Simon says Spencer receives:

Also, see my review for Lisey's Story.

Friday, 21 January 2022

Film Review: "Belle" ("竜とそばかすの姫") (2021).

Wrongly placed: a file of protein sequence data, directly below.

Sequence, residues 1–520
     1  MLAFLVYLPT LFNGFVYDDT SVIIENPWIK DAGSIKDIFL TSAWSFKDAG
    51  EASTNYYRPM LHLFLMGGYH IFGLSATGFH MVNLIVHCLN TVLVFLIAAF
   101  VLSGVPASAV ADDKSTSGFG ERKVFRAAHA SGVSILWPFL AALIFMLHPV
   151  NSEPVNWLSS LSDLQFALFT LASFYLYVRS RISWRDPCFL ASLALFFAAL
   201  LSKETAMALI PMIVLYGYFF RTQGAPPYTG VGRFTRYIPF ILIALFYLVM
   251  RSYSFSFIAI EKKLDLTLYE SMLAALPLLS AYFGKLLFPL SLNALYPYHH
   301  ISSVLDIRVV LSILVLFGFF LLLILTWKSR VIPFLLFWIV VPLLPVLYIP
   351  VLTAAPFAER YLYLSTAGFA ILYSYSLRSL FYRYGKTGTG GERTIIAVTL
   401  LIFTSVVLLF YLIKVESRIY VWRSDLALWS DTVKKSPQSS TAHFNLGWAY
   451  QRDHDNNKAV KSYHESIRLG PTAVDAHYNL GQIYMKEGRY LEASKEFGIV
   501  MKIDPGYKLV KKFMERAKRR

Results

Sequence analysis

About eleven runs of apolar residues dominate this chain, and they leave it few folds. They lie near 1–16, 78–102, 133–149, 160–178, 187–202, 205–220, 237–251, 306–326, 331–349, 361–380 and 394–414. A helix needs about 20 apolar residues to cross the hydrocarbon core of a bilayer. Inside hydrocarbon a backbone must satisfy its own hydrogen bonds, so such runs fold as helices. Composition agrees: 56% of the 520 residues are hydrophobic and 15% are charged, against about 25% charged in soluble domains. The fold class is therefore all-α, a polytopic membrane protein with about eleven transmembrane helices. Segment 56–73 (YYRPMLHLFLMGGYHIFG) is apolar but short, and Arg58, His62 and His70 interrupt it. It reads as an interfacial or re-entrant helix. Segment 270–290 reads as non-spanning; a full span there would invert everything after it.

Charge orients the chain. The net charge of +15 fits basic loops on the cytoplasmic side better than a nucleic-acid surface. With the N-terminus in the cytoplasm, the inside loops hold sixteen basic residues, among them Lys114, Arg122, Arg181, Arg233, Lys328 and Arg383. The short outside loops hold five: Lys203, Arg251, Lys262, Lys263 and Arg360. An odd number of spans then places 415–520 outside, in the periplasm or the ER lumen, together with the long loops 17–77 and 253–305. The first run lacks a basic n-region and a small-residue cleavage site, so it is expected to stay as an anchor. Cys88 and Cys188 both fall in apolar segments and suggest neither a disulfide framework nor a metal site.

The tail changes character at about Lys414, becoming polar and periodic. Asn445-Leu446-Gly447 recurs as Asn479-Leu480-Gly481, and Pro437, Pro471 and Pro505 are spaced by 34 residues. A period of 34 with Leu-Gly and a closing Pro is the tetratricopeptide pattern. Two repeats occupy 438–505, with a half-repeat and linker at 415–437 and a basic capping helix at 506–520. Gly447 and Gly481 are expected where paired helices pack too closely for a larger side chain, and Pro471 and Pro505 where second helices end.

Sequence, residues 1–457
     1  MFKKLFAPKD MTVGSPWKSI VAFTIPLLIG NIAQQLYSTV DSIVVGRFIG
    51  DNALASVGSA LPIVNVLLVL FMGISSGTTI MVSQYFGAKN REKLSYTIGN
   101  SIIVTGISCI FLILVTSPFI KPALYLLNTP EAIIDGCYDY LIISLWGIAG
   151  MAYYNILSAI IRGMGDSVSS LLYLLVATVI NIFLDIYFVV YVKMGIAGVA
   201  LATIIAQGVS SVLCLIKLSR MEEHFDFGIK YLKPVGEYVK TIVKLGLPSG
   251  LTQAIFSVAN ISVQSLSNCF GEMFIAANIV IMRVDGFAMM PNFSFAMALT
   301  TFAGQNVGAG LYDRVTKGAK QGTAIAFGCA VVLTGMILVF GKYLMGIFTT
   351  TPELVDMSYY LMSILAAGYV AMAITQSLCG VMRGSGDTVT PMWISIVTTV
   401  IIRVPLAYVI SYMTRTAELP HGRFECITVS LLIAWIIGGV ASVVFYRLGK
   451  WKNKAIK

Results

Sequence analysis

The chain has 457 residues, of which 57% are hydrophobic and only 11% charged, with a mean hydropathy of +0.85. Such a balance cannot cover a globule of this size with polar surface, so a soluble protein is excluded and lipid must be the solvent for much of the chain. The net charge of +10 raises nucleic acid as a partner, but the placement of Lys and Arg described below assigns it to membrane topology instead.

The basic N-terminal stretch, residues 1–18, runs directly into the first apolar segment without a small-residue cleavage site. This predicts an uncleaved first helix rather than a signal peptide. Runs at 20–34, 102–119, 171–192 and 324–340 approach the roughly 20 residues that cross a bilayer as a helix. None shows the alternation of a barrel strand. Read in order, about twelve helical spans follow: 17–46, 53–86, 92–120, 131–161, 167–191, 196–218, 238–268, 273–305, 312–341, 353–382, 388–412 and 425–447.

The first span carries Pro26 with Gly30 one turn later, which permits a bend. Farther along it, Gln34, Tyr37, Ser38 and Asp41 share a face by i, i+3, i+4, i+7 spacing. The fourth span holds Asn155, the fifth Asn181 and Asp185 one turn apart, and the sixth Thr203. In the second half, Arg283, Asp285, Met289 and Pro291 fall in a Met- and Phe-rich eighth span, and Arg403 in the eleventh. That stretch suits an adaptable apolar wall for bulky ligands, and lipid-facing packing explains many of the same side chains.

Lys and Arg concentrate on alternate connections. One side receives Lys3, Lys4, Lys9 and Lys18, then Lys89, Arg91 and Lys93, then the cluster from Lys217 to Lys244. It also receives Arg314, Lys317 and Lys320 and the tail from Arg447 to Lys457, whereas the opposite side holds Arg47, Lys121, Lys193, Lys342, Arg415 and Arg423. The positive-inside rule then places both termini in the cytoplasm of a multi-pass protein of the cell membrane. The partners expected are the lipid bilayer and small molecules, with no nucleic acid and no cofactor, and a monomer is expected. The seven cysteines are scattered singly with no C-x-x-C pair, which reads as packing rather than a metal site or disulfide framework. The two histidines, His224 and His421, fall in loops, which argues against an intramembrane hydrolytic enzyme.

From the director of Mirai (未来のミライ) comes Belle (竜とそばかすの姫). This Japanese animated science fantasy film written and directed by Mamoru Hosoda and produced by Studio Chizu. It is inspired by the 1756 French fairy tale Beauty and the Beast by Jeanne-Marie Leprince de Beaumont. Suzu, is a seventeen-year old high school girl, who lives in the countryside of Kochi Prefecture with her father, after losing her mother at a young age. She loves singing with her mother more than anything else, but as a result of her mother’s death was no longer able to sing. It wasn’t long before she and her father grew more and more distant from each other, and Suzu closed her heart to the rest of the world. When Suzu felt that writing music was her only purpose left in life, she then discovers the massive online space known as "U," where she takes on her persona, Belle. Suzu quickly realizes that when she is inside "U" as her avatar, Belle, she can sing quite naturally. As she continues to showcase her own music in the virtual world, she fast becomes the rising star of "U." Nonetheless, that surprise is short-lived. Suddenly, a mysterious dragon-shaped creature appears before her…